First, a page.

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Study: Students Enticed by Fresh Fruit, Vegetable Snacks

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At schools that participate in the national Fresh Fruit and Vegetable Program, students eat more fresh fruits and vegetables.

While those results might not be earth-shattering, they provide some validation for the 10-year-old U.S. Department of Agriculture program, which was designed to expose children from low-income families to a variety of fresh produce they might not otherwise eat. The goal is to turn students into lifelong consumers of the items, beginning with mentioning items they like at home and possibly convincing their parents to add them to grocery lists.

Schools with a high percentage of students enrolled in the free and reduced-price lunch apply for Fresh Fruit and Vegetable Program grants, which they use to serve students fresh produce items several times a week—outside of breakfast and lunch. (Take a look at these students at a Maryland elementary school snacking on honeydew during class.)

The new analysis was ordered by Congress in 2008, when it became available to schools in all 50 states. It looked at about 4,700 students in 214 schools, some enrolled in the program, and others that also have a large percentage of low-income students but that do not participate.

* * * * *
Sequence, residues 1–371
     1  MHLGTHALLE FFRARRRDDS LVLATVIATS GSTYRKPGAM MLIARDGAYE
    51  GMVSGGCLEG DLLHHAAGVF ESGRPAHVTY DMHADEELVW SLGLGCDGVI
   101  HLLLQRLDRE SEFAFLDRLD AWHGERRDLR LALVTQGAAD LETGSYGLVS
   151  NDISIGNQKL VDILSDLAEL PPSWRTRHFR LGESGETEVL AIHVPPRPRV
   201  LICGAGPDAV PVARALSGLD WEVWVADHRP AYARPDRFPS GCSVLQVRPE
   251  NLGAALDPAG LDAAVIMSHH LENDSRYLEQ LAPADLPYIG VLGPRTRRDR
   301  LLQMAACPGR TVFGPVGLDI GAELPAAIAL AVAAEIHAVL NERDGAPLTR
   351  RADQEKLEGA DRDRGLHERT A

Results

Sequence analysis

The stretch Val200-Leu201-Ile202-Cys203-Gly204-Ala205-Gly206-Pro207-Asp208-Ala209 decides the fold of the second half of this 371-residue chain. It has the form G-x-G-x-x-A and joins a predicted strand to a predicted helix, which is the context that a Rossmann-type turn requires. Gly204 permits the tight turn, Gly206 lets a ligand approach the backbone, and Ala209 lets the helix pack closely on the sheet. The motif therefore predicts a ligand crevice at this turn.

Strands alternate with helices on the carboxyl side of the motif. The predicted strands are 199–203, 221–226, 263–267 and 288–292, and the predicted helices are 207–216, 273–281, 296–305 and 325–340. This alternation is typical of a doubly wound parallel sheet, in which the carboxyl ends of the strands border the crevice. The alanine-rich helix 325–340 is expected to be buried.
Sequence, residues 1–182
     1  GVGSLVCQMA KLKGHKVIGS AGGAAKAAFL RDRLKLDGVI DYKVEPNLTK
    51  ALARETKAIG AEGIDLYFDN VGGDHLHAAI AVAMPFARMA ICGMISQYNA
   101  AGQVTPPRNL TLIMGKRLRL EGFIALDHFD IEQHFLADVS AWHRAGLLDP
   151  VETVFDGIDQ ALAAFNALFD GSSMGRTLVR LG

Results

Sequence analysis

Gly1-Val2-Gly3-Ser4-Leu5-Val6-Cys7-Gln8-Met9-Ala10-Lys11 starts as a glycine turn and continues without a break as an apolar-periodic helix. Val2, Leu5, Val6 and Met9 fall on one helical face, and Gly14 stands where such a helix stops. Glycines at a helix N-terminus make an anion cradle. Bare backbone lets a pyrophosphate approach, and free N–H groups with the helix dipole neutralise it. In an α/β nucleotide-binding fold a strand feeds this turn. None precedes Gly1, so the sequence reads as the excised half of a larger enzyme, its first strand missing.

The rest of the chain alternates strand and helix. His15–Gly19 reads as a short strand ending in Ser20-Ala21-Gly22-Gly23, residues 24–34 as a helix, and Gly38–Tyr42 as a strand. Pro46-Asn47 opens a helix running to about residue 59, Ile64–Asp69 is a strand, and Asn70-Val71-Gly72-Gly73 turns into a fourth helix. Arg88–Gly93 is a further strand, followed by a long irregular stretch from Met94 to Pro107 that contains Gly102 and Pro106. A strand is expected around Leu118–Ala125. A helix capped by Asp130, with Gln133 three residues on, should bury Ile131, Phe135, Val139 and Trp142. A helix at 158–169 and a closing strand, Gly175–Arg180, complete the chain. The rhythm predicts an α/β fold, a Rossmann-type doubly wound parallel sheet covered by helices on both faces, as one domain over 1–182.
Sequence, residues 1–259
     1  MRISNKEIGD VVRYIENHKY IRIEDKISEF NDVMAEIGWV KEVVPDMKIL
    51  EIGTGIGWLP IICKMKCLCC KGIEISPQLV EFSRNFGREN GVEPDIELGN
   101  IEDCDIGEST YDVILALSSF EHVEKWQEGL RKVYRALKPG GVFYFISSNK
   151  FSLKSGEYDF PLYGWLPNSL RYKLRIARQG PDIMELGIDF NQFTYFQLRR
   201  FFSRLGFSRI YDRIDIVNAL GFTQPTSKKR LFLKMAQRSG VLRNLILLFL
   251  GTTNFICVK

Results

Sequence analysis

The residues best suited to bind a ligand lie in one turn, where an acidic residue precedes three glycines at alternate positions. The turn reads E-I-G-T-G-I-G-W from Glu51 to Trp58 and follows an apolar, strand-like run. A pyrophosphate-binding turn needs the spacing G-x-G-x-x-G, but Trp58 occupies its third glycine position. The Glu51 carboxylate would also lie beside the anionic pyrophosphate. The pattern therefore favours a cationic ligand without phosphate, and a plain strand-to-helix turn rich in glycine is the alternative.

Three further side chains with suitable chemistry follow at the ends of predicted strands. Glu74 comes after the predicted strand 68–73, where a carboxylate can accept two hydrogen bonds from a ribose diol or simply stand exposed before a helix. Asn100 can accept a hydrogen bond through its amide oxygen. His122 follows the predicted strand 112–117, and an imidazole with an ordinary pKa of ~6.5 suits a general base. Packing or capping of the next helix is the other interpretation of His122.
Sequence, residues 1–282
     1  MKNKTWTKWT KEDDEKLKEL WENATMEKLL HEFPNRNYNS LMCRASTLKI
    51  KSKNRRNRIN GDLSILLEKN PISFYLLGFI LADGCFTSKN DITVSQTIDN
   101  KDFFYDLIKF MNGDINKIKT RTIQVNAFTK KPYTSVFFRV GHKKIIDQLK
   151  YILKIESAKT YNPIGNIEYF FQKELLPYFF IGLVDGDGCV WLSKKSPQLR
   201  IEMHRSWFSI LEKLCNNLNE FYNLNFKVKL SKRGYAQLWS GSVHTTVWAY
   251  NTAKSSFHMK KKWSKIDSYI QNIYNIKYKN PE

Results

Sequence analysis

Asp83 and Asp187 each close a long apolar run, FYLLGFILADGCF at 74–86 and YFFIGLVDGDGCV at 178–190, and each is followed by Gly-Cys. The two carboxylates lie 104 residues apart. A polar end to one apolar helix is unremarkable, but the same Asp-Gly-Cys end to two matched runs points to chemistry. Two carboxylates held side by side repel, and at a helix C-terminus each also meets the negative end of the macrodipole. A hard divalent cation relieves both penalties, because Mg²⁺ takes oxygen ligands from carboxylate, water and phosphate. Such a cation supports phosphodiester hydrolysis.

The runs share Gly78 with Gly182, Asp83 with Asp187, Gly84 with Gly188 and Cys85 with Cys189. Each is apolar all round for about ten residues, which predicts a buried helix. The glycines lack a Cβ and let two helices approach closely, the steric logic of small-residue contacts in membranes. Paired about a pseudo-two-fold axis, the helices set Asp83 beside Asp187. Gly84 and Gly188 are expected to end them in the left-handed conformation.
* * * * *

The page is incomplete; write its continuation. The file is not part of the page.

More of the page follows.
Among the findings:

  • Kids like fruit: Students at participating schools just ate more fruits and veggies than their peers at schools not using the program. In particular, they ate at a third of a cup of fruit more per day, and about a third of a cup more vegetables in a week. The snack didn't boost the students' calorie intake by much.
  • They really like fruit: Most kids who were offered a fruit or veggie item actually took a sample and gave it a try: 85 percent took the fruit snack most or all of the time it was offered, as did 63 percent of students with vegetables. Nearly 100 percent of students tried the fruit snack, just as 84 percent of students did with vegetable snacks. And 60 percent of kids at the whole fruit snack. Veggies were a harder sell: a third of students at the whole vegetable snack.
  • Students at Fresh Fruit & Vegetable Program schools consumed more carbohydrates, beta carotene, vitamins A and C, and fiber than students at schools that don't participate.
  • So-called FFVP schools offered nutrition education more frequently than schools not in the program—about 2 1/2 days of lessons, collectively, compared to about 2/3 of a single day.

More than 4,000 elementary schools participate in the program, which has an annual budget of $150 million—or nearly $1 billion each time the Farm Bill is renewed.

Schools that participate seem to love it. When some members of Congress pushed for allowing the fresh produce program to include frozen, dried, and canned versions, participants rallied against the proposal. And in the recent analysis of the program, nearly 100 percent of students said they want the program to stick around.

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